Mission 770 Standmount Speakers
|Speaker type||Two-way standmount|
|Enclosure type||Bass reflex|
|Treble driver||28mm microfibre dome|
|Mid/bass driver||200mm mineral-loaded polypropylene cone|
|Sensitivity (2.8V @ 1m)||88dB|
|Nominal impedance||8 Ohms|
|Recommended amp power||25-200W|
|Frequency response (+/-3dB)||42Hz-20kHz|
|Bass extension (-6dB)||30Hz|
|Cabinet volume||38.5 litres|
|Speaker dimensions (HxWxD)||590x300x322mm (inc. cable terminals)|
|Weight (each speaker)||19.2kg|
|Stand dimensions (HxWxD)||445x300x300mm|
|Weight (each stand)||17.9kg|
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Mission 770 Standmount Speakers
The Mission 770 represents one of the most iconic models in the long history of Mission loudspeakers. A model that embodied the Mission pioneering research through the late 70s and 80s, with a bloodline dating back to 1977. The original Mission 770 debuted in 1978. It quickly became Mission’s best-selling speaker, and gravitated naturally into MK2 and MK3 alterations with improvements to sensitivity and power handling. After that, the design eventually migrated to Freedom and other variations, but none of them made the sales impact or notoriety that the original 770 received.
The project’s design and engineering team was led by Peter Comeau, Mission’s current Director of Acoustic Design. Peter was a young reviewer for Hi-Fi Answers when the original 770 launched and well remembers its impact (he subsequently co-founded loudspeaker maker Heybrook in 1979). For Peter, the new Mission 770 is a labour of love; just as it was for Farad Azima all those years ago.
The Mission 770 Standmount Speakers are an awesome homage to the original 1970s design. There is a distinct clarity in these speakers. You can hear that each part of the speaker is doing its job well. I'm also a big fan of the fact the stands are included in the price.
Back to the sound, you don't hear much bleed through from the trebles to the mids & bass which is amazing. While you can hear definition, there is still a great amount of cohesion in the playback. The Mission 770's bass is clean as it pushes well into the room and overall the sound is uncluttered. I loved the sound of these speakers with my Pro-Ject X2 Turntable & Hegel H120 Integrated Amplifier.
Key elements: the drive units
A new 20cm polypropylene mid/bass driver was developed for the re-engineered 770, mimicking the extended response and low coloration of the original, while upgrading the motor system to take account of modern power handling and dynamic requirements. Like the original, the driver is built onto a die-cast chassis with large rear ‘windows’ to reduce early reflections back through the cone. Special care has been taken to marry a low-density nitrile surround to the cone, to match its impedance and reduce reflections from the cone edge.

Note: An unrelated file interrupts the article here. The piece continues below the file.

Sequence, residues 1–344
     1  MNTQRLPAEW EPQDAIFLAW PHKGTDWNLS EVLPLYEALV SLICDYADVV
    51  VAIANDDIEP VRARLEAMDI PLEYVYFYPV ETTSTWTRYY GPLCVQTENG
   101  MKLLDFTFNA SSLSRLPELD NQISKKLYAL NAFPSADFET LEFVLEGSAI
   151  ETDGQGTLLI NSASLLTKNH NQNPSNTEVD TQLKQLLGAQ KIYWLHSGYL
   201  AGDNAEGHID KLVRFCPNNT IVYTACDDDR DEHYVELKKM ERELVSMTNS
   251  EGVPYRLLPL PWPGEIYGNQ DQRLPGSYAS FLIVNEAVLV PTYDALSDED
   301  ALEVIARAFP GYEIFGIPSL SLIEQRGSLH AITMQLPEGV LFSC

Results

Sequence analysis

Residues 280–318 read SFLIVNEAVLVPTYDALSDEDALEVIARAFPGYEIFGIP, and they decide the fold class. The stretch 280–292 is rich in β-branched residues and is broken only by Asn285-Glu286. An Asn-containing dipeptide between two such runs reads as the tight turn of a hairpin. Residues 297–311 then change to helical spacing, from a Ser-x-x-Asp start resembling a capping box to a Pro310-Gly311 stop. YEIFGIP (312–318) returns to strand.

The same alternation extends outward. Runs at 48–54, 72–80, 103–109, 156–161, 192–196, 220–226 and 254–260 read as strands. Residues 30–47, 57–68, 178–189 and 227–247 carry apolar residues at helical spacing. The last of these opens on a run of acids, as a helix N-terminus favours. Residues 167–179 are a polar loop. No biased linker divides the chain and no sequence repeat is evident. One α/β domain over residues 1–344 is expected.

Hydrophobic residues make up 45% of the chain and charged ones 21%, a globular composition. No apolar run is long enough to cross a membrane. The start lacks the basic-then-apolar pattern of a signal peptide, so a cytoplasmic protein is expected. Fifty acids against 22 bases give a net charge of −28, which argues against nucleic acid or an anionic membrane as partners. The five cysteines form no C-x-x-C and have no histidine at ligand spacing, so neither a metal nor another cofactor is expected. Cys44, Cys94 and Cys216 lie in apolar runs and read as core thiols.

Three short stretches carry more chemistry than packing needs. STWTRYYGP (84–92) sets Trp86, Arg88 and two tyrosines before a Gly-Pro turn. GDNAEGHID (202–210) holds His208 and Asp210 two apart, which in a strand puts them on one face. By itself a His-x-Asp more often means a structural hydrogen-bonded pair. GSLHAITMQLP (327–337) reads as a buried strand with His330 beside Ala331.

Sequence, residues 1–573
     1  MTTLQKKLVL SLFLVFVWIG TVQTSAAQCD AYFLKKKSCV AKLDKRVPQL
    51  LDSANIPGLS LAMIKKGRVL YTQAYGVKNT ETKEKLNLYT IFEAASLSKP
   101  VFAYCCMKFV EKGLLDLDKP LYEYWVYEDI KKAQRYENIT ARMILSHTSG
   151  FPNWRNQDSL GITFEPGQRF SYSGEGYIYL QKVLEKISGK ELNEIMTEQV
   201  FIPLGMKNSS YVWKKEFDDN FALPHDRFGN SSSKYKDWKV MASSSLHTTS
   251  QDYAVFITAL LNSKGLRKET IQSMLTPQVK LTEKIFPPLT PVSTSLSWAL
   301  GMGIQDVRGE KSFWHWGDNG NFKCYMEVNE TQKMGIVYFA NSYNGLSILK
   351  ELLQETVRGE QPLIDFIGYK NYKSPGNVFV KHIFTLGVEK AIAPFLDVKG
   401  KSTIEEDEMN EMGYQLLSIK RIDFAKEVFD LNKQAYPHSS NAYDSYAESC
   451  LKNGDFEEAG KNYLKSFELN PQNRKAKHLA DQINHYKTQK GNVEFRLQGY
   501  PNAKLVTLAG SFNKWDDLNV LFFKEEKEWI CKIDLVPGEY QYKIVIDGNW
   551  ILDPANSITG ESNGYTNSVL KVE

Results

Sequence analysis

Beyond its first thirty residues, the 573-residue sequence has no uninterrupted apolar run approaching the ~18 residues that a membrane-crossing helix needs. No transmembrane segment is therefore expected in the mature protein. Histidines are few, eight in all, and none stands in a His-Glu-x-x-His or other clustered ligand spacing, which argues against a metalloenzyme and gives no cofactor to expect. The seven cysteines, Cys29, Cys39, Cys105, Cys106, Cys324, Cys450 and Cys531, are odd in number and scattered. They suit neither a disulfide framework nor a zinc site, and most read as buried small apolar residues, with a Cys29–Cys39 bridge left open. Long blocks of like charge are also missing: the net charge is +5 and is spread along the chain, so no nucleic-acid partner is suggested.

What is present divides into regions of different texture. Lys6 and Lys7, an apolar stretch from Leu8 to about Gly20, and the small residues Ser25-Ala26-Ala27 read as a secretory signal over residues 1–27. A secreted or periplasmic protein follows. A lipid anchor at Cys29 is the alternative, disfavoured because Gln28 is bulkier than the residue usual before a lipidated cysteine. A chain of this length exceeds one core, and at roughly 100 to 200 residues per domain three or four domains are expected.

The new polypropylene cone is loaded with minerals to make it stiffer than the original, yielding fast, tight bass that enables the listener to hear exactly how bass instruments are being played. This is balanced by tuning the cabinet and reflex port to a very low frequency, avoiding the ‘one note bass’ that is typical of a lot of bass reflex systems. In addition, the port is strongly flared at both inlet and outlet to smooth airflow and eradicate distortion. Bass extends powerfully and cleanly to below 30Hz in room, which is remarkable for this size of speaker.
In the original 770 design, Farad Azima focused on the midrange performance, which was always the strength of hi-fi reproduction from vinyl records. For today’s digital sources and superior turntables, the performance of a speaker at the frequency extremes is now considered of equal importance to the midrange. The new 770’s treble unit uses a lightweight, damped microfibre dome with an ultra-smooth response, backed by a damped rear chamber that pushes the fundamental resonance well below the crossover region. The quality of this 28mm dome marries perfectly with the mid/bass driver to ensure evenness of character throughout the range of the whole speaker.
Key elements: the crossover
The original 770 used a single coil to equalise the bass to midrange response as well as cross over to the treble unit, the latter driven by a resistor, capacitor and coil combination. Using just these components to perform both functions was always going to be a compromise, and this is likely the reason why Farad Azima could not resist tinkering with the crossover and producing so many variants.